Reply to post: The "leave me alone and I'll fix it" scenario

Hell desk to user: 'I know you're wrong. I wrote the software. And the protocol it runs on'

DougS Silver badge

The "leave me alone and I'll fix it" scenario

I've done this a few times, where I knew that explaining what I figured out would 1) take too long and 2) have people wanting me to prove some logical leaps I made.

The most memorable was back in 2000 when I was consulting on a SAP migration for a Fortune 500 company most everyone will have heard of. It was being migrated from Texas to Toronto, and it had just been brought live over Labor Day weekend - getting downtime for this was almost impossible so it had to succeed. It was as super complicated process that involved among other things a courier on a private jet taking the past week's redo logs from Texas to Toronto. I wasn't involved in this part of the process, so I was taking some much needed vacation.

So on Labor Day I was doing some boating/drinking with some friends but had brought my laptop on the trip (to the condo, not the boat) 'just in case'. In the middle of the afternoon I get a call from the guy in charge of the project, but cell service on the lake isn't that great so I just ignored it at the time, figuring it was probably some question that could wait or someone else could answer. When we got back that evening and I was walking up from the dock he called again and was in a panic - apparently all hell had broken loose and SAP was down and the DB corrupted.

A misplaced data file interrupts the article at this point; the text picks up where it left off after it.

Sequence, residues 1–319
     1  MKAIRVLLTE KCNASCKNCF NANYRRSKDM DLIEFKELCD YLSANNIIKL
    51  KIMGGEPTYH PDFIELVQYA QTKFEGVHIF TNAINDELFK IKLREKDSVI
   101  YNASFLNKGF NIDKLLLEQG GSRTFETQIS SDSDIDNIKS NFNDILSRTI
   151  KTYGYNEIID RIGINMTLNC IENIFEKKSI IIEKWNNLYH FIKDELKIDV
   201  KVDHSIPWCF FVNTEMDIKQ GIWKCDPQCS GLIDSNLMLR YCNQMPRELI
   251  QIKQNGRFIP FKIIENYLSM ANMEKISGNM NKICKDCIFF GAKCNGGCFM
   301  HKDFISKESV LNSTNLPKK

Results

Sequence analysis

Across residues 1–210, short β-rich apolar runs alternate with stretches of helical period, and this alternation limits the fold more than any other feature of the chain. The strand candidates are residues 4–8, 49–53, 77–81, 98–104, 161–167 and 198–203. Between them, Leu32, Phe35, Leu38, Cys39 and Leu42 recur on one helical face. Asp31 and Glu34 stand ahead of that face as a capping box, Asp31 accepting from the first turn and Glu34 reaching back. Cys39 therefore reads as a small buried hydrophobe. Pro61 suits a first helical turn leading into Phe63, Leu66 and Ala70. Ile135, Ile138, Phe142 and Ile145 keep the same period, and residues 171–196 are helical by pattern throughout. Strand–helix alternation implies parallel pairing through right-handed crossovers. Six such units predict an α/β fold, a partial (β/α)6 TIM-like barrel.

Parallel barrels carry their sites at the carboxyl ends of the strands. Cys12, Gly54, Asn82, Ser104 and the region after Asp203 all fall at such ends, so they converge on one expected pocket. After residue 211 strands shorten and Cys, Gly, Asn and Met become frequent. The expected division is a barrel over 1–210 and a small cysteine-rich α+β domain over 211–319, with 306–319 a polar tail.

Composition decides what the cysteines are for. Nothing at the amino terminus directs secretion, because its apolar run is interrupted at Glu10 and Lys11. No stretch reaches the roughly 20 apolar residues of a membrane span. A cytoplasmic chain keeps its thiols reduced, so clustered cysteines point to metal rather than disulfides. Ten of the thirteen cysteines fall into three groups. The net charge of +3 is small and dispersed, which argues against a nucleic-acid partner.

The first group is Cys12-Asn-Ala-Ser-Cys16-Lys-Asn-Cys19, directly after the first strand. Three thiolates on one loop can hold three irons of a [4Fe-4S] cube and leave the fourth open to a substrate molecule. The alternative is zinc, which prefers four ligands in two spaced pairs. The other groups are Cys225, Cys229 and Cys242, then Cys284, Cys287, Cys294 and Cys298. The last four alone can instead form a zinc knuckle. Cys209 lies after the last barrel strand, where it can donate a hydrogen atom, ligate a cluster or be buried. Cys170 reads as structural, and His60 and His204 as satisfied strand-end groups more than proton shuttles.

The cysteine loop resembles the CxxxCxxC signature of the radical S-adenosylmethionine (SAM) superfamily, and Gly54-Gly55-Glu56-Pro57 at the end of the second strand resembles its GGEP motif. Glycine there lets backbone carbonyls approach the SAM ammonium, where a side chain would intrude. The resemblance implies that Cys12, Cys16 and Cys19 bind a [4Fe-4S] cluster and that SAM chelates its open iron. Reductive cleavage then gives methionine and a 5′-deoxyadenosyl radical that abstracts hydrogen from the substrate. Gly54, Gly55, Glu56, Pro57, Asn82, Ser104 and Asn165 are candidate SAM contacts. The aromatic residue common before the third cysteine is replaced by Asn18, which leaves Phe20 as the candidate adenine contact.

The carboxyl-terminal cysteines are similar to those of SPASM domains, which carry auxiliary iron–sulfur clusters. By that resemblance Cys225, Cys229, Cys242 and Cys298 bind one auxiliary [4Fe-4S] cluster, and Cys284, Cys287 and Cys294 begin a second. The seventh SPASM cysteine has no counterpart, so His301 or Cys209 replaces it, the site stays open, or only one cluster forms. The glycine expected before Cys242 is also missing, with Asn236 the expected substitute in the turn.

Once I called into the bridge and dialed in my laptop (good thing my friend's condo had a phone line) I learned none of the filesystems containing the DB could be mounted (this was before Oracle commonly used raw volumes) and everyone was running around like chickens with their heads cut off because thousands of users were going to come in tomorrow morning and expect to use the system. While my friends went out to the bars and had a good time I stayed behind and began trying to troubleshoot with the others.

After some back and forth for a while I eventually got an idea and did a little digging, and figured out what had happened. Its been so long I actually don't remember the details of what the problem was, something to do with the pairing relationships between the primary copies BCV copies (there were like 4 copies of each volume) on the Symmetrix scrambled the Veritas disk group information so none of the volumes could be imported. The upshot was that the data was still there, nothing had been lost.

I told everyone on the call (there were probably at least 50 by this point) that I knew what happened and I could fix it, I just needed some time to concentrate. Cue a half dozen people wanting me to explain it, and me insisting that it would be easier for me to just try to fix it, and promising that what I did wouldn't change any data on the drives so if it didn't work we'd be no worse off I just had to make sure no one else was going to touch the storage in the meantime. There were like 500 primary volumes, so it would take forever to fix by hand, but luckily I was able to determine exactly how it got messed, and I able to write a script to reverse the process. Once I ran that I was able to import all the disk groups and mount the filesystems, and shared the good news. The Basis lead then checked things out, verified all was good, started it up and everything worked. All those users were able to login the next day, none the wiser.

They wanted me to explain further but it was like 2am by this point and my friends were back so it was too noisy, so I just told them I'd explain it in a couple days but told them what NOT to do that created the situation in the first place so there wouldn't be a repeat! I wrote about five pages to include in the RCA as to what happened and how I fixed it, spent countless hours in meetings explaining it, and but I think only about three people really understood it...

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